|Object type||Last Post film|
Australian War Memorial
|Place made||Australia: Australian Capital Territory, Canberra, Campbell|
|Date made||30 June 2017|
Second World War, 1939-1945
Item copyright: © Australian War Memorial
This item is licensed under CC BY-NC
|Copying Provisions||Copy provided for personal non-commercial use|
The Last Post Ceremony commemorating the service of (NX4738) Private Robert Edward Salcole, 3rd Reserve Motor Transport Company, Second Australian Imperial Force, Second World War.
The Last Post Ceremony is presented in the Commemorative area of the Australian War Memorial each day. The ceremony commemorates more than 102,000 Australians who have given their lives in war and other operations and whose names are recorded on the Roll of Honour. At each ceremony the story behind one of the names on the Roll of Honour is told. Hosted by Ricahard Cruise, the story for this day was on (NX4738) Private Robert Edward Salcole, 3rd Reserve Motor Transport Company, Second Australian Imperial Force, Second World War.
NX4738 Private Robert Edward Salcole, 3rd Reserve Motor Transport Company, Second Australian Imperial Force
Died at sea 12 September 1944
Story delivered 30 June 2017
Today we pay tribute to Private Robert Salcole.
Robert Edward Salcole was born on 30 June 1912 in Nyngan, in the Bogan Shire area of central New South Wales, to Robert Edward senior and Gertrude Emily Salcole.
Robert Sacole enlisted in the Second AIF on 30 April 1941 and was posted to the 3rd Reserve Motor Transport. Following training he embarked for overseas service. Arriving in Singapore, his unit joined the 8th Australian Division.
Following Japan’s entry in the war in early December 1941, the Allied forces on the Malayan peninsula were pushed back against a rapid Japanese advance.
On 6 February 1942, two days before the Japanese landed on Singapore Island, Salcole’s unit was evacuated from Singapore, arriving on Java on 11 February. There they joined other Australian units assembled on Java to form “Blackforce”, named after its commander, Brigadier Arthur Blackburn VC. For a few days Blackburn mounted a successful holding operation, but on 11 March Blackforce was obliged to surrender after the capitulation of Allied forces, and over 2,700 men were taken prisoner, including Robert Salcole.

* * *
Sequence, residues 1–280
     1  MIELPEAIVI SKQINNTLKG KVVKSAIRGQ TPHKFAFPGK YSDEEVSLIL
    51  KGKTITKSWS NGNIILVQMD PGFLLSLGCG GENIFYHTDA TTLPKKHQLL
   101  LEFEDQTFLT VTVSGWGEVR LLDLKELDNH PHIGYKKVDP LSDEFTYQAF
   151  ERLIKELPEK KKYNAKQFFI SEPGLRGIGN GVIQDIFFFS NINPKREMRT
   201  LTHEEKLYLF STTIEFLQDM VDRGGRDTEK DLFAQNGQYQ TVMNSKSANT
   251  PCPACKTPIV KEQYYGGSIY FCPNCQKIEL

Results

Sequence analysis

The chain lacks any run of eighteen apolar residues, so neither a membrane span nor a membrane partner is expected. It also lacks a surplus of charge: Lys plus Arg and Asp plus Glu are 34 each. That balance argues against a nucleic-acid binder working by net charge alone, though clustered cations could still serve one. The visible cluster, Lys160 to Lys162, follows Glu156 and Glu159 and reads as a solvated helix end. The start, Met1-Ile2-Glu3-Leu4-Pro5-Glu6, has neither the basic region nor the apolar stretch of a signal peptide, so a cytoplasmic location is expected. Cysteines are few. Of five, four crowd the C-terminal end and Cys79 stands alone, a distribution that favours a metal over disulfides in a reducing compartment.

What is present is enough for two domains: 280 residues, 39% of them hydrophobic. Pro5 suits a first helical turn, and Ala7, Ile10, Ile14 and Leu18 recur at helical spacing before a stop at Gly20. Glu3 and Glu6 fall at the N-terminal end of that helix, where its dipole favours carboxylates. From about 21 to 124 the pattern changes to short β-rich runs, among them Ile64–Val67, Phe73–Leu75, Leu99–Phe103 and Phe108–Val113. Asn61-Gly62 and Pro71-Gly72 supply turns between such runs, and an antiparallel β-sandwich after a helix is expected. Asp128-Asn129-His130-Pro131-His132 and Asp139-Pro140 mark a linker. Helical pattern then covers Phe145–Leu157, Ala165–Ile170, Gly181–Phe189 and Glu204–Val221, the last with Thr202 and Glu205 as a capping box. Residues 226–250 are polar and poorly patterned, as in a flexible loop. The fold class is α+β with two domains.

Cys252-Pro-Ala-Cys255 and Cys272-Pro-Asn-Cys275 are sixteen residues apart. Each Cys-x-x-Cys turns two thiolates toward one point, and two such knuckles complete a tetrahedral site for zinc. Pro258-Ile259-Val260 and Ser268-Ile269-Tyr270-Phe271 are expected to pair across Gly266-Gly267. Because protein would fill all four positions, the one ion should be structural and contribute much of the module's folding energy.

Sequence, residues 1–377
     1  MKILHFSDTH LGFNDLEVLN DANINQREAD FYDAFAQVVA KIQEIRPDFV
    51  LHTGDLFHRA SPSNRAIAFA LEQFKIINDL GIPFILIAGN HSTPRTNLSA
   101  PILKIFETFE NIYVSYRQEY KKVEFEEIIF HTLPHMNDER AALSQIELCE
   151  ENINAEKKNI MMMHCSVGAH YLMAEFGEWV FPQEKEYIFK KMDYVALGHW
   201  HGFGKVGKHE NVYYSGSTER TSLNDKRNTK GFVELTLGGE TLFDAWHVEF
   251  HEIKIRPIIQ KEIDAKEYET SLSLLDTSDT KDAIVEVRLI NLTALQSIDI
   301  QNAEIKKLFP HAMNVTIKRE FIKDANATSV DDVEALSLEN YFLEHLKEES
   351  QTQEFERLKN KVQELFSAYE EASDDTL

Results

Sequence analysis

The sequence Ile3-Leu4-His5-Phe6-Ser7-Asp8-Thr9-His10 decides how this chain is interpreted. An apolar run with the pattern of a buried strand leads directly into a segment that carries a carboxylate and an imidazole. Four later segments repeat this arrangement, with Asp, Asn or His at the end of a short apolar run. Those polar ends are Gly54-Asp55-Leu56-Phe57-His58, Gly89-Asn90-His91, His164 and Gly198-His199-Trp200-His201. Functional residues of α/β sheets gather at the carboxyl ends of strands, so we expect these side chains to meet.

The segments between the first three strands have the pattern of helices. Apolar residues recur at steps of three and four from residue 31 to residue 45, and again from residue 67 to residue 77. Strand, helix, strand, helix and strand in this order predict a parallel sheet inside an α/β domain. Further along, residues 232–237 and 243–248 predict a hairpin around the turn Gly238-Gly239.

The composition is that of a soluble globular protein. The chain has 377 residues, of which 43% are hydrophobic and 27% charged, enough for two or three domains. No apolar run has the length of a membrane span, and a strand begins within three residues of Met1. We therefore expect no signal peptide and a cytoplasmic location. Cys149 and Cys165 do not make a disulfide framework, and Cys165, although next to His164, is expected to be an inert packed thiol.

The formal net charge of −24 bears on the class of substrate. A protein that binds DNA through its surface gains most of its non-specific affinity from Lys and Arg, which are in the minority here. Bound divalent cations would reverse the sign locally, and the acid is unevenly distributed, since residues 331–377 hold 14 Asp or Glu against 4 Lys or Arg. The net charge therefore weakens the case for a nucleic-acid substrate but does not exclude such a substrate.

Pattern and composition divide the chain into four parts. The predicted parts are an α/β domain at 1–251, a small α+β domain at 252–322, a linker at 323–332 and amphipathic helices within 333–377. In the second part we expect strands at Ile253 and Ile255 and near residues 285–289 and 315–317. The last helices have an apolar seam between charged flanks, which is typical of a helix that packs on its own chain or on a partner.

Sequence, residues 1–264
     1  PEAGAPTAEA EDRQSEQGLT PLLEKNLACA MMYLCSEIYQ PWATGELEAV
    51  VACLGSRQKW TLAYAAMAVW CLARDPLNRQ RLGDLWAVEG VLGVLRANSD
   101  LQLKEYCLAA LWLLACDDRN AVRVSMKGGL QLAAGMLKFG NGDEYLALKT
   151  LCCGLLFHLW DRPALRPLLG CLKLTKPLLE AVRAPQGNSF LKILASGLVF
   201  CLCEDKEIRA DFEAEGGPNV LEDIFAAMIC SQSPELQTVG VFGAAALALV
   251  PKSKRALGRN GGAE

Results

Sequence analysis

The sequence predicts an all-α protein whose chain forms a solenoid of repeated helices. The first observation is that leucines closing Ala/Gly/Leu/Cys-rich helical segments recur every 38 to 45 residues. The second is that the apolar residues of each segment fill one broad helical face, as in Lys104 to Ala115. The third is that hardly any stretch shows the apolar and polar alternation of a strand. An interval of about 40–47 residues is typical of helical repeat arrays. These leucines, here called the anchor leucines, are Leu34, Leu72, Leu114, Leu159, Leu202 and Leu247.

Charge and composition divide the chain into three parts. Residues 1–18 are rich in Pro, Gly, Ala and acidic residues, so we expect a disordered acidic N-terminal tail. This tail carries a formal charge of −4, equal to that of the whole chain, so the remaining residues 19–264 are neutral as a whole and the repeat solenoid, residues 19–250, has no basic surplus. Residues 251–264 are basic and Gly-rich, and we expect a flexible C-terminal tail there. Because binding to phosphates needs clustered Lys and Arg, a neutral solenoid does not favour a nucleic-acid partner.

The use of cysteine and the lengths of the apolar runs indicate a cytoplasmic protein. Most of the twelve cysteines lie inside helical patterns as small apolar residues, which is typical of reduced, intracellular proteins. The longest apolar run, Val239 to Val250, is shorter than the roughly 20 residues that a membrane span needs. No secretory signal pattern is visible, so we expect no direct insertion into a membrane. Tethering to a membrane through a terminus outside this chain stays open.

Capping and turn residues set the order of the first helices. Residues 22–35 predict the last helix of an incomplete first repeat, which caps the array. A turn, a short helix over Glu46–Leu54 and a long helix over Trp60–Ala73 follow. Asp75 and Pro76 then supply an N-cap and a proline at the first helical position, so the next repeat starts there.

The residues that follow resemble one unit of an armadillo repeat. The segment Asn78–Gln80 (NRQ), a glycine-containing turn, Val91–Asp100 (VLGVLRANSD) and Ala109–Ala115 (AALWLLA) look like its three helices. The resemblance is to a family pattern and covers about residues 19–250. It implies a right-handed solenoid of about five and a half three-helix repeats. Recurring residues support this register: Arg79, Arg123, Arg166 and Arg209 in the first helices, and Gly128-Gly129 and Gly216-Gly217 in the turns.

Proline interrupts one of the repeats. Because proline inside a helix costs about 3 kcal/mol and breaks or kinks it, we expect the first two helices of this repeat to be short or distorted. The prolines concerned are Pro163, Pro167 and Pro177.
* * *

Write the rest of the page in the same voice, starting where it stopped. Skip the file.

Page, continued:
Over 22,000 Australians were captured by the Japanese when they conquered south-east Asia in early 1942, more than a third of whom would die in captivity.
At the end of 1942, Salcole was transported to Burma as part of the large workforce being assembled by the Japanese to build the Burma–Thailand Railway. Following the completion of the railway in October 1943, Salcole was transported from Thailand to Singapore. Here, along
with more than 2,000 Australian and British prisoners of war, he embarked upon the ship the Rakuyo Maru, to be transported to Japan.
The Rakuyo Maru (with 1,318 Australian and British prisoners of war aboard) and Kachidoki Maru (carrying 900 British prisoners of war) were part of a convoy carrying mostly raw materials that left Singapore for Japan on 6 September 1944. The prisoners were survivors of the Burma–Thailand Railway.
On the morning of 12 September 1944 the convoy was attacked by American submarines in the South China Sea. Rakuyo Maru was sunk by USS Sealion II, and Kachidoki Maru by USS Pampanito. Prisoners able to evacuate the ships spent the following days in life rafts or clinging to wreckage in open water. About 150 Australian and British survivors were rescued by American submarines. A further 500 were picked up by Japanese destroyers and continued the journey to Japan. Those not rescued perished at sea. One thousand five-hundred and fifty-nine prisoners of war were killed in the incident, all missing at sea.
Salcole was one of the missing. It is believed that he clung to floating debris for four days before disappearing beneath the waves.
He was 32 years old.
Toady his name, along with those of the 543 Australians who were killed in the sinking of the Rakuyo Maru, appears on the Labuan Memorial in Malaysia.
His name is also listed on the Roll of Honour on my left, among some 40,000 Australians who died while serving in the Second World War.
This is but one of the many stories of service and sacrifice told here at the Australian War Memorial. We now remember Private Robert Edward Salcole, who gave his life for us, for our freedoms, and in the hope of a better world.
Historian, Military History Section
Video of The Last Post Ceremony commemorating the service of (NX4738) Private Robert Edward Salcole, 3rd Reserve Motor Transport Company, Second Australian Imperial Force, Second World War. (video)